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Nov 5, 2011 1:00 AM

Former Iraqi soldier struggling to earn U.S. citizenship in Tucson

TUCSON - Ali Albazergan left Sadaam Hussein's army in Iraq more than 20 years ago. "To be honest it was just a relief to leave Iraq," Albazergan said.

His plan was to become a U.S. Citizen, but the American government isn't exactly rolling out the welcome mat. Immigration officials claim Albazergan is a persecutor, but right now he feels like the one being persecuted.

After serving in the Iraqi army for 10 years, Albazergan and his family escaped to California. They now live in Tucson. Albazergan's wife and daughter are now citizens, so is their 13-year-old son. who was born in this country, but 20 years later, Albazergan is facing deportation, "This is a nightmare," he said.

Adding to his stress, Albazergan hasn't seen his aging parents since 1989. "I'd like to see them. I'd like to hug my dad and hug my mom. If something happens to them I'm going to feel guilty," Albazergan said, choking back the tears.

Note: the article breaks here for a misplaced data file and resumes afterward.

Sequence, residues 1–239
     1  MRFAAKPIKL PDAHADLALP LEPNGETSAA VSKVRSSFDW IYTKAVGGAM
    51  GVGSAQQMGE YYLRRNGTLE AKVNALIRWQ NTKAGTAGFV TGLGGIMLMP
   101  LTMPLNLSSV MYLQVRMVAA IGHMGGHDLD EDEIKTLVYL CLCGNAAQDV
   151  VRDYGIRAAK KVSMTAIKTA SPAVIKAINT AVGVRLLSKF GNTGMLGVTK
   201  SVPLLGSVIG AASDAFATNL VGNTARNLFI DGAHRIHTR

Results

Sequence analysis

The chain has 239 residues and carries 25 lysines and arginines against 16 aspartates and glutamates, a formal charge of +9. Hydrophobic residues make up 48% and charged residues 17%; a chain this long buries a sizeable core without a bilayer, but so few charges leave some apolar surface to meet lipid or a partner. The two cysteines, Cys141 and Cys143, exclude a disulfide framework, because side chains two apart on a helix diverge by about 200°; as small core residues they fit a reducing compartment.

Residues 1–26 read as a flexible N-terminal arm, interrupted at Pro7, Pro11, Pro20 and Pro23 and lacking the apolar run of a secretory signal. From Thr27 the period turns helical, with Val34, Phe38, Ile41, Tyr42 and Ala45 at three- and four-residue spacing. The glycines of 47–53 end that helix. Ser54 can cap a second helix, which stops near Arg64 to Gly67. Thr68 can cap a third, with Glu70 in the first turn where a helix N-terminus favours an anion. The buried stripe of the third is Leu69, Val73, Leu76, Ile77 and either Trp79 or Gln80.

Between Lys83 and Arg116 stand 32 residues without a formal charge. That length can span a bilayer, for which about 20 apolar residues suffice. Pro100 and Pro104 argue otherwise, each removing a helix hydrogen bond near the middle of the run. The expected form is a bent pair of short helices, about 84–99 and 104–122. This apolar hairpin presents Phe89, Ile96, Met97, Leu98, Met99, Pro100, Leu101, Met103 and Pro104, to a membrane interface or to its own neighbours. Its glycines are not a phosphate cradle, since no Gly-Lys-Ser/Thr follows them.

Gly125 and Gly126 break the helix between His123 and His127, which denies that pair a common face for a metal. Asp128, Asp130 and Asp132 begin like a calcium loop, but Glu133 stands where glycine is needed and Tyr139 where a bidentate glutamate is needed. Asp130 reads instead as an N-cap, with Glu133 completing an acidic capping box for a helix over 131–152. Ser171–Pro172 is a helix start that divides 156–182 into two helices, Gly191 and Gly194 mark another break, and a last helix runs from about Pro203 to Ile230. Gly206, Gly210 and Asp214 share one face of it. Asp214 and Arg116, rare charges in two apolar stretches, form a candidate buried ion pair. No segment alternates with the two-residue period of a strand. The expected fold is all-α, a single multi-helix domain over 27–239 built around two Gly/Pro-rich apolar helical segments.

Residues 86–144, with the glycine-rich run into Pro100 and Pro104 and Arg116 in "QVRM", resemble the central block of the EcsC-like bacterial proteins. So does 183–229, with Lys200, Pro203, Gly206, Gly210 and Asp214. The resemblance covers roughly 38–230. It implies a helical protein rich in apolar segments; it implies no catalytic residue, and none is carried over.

He can't go see his parents, because without a green card he wouldn't be allowed to return to his family here in Tucson. His application for legal status has been denied because the government says Albazergan "may" be a persecutor of others. "They say maybe. Maybe, it makes my life for 20 years a nightmare," Albazergan said.

Albazergan admits his army unit did participate in the execution of Kurds, but Albazergan says he was an unarmed cook and driver in the army, and he never persecuted anyone. "If they have anything against me, let them face it to me, tell me, Ali. Because of this and that we're not giving it to you. My lawyer tells me don't worry Ali, nothing against you," Albazergan said.

Maurice Goldman, Albazergan's immigration attorney told News 4 Tucson the same thing: "Our contention is that they have not provided or had any evidence, credible evidence, to demonstrate this."

News 4 Tucson requested an interview with U.S. Citizenship and Immigration Services, they declined, saying they will not talk about any specific case. They did send us an email, which reads in part: "Our goal is to provide the right immigration benefit to the right person."
Albazergan and his family were back in court Friday morning and once again his case has been pushed back until July of next year.

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